A Four Year Wait

brazel-berry  Many of you have heard of the much-touted new family of fruiting shrubs introduced by Fall Creek Farm called “Brazelberries.”  There are several commercials advertising them on television and ads in most major gardening magazines, claiming that they are going to revolutionize small-space fruit growing.  They offer a selection of raspberries and another of blueberries, all bred to be compact, thornless, and self-pollinating.  I was excited when I was given four of their “Raspberry Shortcake” plants to trial four years ago.  The tag and the ads show a nicely rounded plant just covered with delicious red raspberries.  I couldn’t wait to start picking!

As directed, I planted them in large containers.  They do grow rapidly and stay compact, about 2′ in height.  When freezing temperatures threatened the first year, I moved them into the basement since they were youngsters, where they would stay cool but not freeze and receive adequate light from sliding glass doors.   As soon as spring arrived, new canes began to develop and some of the older canes grew new leaves.  I waited and watched all summer, keeping them watered and only adding a small layer of compost as instructed.  Over-fertilizing reduces berry production.  Never did a bud form, so there were no berries.  I was disappointed, and felt I must have done something wrong (although I have been growing other berries for forty years with success.)  Or, possibly they just needed to be older.  So, I went on-line and reread the growing instructions provided on their site.  The only thing suspect was possibly underwatering so I was more careful the second growing season, and again in the third.  Still there were no berries.  They did not rot, they were not frosted, they were not over or under fertilized.  I was so disgusted at the amount of time, hauling indoors and out, watering, and talking to them with encouragement, that I nearly just tossed them last fall rather than messing with them for another season.  After all, third time’s charm, and they’d already had three growing seasons.  But, I hate to fail.  I hate to throw out a perfectly healthy plant (let alone four of them!)  They are green and compact, and thornless, and make a nice patio plant.  If they were just a foliage plant, they were worth growing, I reasoned, so I hauled them indoors once again last autumn.  This variety is supposedly hardy, so I debated about just planting them in the ground, but I wanted to give them as long a growing season as possible.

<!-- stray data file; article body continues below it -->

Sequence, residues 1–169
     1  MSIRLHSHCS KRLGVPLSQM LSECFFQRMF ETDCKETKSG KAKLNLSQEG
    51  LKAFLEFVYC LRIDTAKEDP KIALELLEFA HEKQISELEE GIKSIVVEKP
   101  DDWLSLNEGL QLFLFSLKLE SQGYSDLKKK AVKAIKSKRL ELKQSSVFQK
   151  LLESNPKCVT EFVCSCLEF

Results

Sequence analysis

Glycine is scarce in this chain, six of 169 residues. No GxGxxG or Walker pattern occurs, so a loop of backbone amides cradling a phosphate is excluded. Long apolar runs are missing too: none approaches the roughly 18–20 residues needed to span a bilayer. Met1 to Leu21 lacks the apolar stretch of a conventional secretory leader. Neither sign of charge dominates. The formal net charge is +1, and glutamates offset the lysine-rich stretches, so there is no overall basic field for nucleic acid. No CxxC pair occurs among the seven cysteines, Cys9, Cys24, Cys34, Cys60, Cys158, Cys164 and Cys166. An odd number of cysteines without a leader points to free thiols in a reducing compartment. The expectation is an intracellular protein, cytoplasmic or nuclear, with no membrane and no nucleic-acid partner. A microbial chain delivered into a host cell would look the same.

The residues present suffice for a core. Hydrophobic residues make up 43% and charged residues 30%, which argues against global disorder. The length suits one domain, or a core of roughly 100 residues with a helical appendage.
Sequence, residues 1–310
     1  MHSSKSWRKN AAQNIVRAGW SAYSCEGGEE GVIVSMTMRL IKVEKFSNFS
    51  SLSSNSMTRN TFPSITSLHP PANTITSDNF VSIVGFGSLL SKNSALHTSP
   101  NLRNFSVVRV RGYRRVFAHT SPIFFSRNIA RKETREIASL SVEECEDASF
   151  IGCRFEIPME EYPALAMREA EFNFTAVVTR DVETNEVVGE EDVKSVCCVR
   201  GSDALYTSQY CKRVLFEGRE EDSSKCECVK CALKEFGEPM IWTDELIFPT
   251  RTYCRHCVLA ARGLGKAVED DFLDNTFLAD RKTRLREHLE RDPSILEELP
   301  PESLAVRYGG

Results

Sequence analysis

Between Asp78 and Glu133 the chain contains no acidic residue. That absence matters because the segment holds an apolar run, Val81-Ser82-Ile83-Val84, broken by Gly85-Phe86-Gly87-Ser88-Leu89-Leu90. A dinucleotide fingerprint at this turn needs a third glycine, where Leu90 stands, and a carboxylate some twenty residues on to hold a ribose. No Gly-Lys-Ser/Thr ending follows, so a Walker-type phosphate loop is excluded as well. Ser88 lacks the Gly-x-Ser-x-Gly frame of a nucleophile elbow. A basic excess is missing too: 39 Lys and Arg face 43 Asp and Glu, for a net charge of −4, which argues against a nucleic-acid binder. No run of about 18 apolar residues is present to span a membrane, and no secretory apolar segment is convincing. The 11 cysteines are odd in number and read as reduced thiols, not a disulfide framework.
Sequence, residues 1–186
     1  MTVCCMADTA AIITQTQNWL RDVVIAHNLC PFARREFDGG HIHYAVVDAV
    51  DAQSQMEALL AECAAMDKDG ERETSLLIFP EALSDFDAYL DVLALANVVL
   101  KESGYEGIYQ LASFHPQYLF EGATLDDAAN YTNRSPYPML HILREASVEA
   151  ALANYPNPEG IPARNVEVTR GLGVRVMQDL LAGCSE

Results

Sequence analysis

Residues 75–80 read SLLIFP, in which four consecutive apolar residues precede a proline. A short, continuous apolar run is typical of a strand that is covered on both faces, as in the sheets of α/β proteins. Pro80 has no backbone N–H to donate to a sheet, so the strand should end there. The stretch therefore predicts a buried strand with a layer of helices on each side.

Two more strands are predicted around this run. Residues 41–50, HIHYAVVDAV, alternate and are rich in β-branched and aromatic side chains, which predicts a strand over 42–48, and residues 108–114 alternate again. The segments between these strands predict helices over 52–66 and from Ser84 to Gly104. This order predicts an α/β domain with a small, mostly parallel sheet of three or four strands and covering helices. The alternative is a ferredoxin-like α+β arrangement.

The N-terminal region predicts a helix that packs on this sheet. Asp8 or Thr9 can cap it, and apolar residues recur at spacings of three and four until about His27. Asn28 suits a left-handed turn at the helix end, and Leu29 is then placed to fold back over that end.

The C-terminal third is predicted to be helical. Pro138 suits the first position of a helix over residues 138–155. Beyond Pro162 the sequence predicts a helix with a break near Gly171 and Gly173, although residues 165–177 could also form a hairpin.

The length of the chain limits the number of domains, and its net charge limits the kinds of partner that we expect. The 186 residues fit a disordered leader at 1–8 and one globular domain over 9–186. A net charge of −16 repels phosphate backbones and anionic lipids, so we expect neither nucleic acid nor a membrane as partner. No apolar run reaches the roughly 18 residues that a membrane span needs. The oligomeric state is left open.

This spring, in addition to their “Let’s have a great growing season!” pep talk, I gave them a stern warning, having decided over the winter that the big pots could better be used to grow something with flowers, like hibiscus, or something more useful like lemon verbena.  This was their last chance.  “Produce berries, or you are going into the garage sale!”

A couple of weeks ago, a few blooms appeared on two of the plants.  Today, I have one berry.   They are supposed to be winter-hardy here in Zone 5, so I am going to plant two of them in the ground, and give the two that had a few blooms another chance.  Maybe now that they’ve figured out how to produce one berry, they will produce more?

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About carolee